Herb latin name: Coprosma propinqua

Family: Rubiaceae (Madder Family)

Edible parts of Coprosma propinqua:

Fruit - raw or cooked. Sweet, but with little flavour. The pale to deep violet-blue fruit is about 8mm wide. The roasted seed is an excellent coffee substitute.

Description of the plant:


6 m
(20 feet)

to March

Habitat of the herb:

Damp places. Gravelly places throughout New Zealand.

Other uses of Coprosma propinqua:

Tolerant of pruning, it makes a good dense hedging plant. A yellow dye is obtained from the wood, it does not require a mordant.

Propagation of the herb:

Seed - probably best sown as soon as it is ripe in a greenhouse or cold frame. Sow stored seed in spring in a cold frame. Germination can be slow, often taking more than 12 months even when fresh seed is used. When the seedlings are large enough to handle, prick them out into individual pots. Grow on the plants for at least their first winter in a greenhouse and plant out in late spring or early summer. Give the plants some protection from the cold for their first winter outdoors. Cuttings of mature wood of the current year's growth, autumn in a frame.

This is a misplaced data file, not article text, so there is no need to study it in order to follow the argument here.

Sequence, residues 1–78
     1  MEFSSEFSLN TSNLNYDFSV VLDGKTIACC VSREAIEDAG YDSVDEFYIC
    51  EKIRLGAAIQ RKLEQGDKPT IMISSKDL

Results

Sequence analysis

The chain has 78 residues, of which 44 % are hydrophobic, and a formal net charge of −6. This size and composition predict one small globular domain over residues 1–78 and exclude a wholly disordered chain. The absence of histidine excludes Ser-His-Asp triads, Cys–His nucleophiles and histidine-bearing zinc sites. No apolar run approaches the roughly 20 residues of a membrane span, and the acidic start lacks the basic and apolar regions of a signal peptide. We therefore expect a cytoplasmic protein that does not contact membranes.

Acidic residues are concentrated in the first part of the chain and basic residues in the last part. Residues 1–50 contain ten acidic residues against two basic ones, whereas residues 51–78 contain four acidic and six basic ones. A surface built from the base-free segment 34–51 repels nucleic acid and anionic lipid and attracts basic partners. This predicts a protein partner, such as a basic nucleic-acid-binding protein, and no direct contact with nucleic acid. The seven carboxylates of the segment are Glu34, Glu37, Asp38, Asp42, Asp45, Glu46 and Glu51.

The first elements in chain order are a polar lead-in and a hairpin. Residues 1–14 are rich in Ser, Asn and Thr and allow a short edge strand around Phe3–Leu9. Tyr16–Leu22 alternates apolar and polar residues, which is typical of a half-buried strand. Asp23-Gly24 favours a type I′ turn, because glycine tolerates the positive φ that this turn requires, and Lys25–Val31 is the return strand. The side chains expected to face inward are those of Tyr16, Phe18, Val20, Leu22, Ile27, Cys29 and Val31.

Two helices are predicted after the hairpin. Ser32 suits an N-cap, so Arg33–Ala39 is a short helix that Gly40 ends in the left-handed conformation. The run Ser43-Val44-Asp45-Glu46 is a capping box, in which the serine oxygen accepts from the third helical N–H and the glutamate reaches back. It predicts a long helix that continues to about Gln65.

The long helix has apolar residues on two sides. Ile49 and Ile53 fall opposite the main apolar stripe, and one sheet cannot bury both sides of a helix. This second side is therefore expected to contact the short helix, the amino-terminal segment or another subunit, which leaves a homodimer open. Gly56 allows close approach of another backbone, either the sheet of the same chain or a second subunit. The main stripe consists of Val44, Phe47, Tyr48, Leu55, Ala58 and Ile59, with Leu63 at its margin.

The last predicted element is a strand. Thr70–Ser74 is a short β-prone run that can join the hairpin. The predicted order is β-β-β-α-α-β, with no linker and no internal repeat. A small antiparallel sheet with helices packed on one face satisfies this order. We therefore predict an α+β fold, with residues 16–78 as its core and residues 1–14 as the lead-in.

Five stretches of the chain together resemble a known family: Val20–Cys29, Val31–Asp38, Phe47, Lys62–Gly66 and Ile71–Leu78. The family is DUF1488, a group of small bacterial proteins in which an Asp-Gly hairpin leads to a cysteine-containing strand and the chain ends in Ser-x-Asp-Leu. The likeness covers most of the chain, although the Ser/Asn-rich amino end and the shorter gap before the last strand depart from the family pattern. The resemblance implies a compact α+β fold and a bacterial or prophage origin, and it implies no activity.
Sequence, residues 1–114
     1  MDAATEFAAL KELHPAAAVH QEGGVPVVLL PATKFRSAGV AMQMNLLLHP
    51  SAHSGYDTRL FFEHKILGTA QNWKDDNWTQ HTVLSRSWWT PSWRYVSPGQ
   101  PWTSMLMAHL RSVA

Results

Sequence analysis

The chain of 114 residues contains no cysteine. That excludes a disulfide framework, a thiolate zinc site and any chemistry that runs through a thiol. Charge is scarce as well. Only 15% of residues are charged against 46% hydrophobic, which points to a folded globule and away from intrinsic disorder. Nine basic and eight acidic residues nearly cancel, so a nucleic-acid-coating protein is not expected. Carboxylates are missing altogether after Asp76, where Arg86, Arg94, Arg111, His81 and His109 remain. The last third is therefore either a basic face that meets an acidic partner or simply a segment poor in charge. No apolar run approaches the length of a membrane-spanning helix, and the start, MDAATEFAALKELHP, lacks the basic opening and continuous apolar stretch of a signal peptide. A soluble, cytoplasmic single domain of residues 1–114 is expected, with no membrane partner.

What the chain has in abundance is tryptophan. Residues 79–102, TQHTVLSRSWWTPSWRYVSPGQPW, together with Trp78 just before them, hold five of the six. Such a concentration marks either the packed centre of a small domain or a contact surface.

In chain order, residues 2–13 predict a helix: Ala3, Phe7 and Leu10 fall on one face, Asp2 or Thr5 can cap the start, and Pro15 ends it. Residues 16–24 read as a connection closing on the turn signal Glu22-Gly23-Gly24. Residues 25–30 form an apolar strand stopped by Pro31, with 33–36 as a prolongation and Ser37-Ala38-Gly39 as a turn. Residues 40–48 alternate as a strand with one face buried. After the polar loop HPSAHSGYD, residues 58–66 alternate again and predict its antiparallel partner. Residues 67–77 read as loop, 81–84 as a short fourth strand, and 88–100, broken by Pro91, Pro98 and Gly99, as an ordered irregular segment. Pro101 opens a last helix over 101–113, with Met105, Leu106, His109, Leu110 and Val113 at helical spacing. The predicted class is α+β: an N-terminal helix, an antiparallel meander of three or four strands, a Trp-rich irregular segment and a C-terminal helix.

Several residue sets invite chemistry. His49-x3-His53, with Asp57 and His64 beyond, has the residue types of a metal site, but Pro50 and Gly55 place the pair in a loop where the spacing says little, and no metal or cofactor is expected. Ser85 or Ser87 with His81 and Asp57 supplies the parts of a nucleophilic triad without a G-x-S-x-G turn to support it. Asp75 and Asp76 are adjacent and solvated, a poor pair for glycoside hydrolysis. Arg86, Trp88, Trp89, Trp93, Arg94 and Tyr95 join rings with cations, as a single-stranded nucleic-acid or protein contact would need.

Cultivation of Coprosma propinqua:

Damp places. Gravelly places throughout New Zealand.

Medicinal use of the herb:

None known

Known hazards of Coprosma propinqua:

None known

Plant information taken from the Plants For A Future.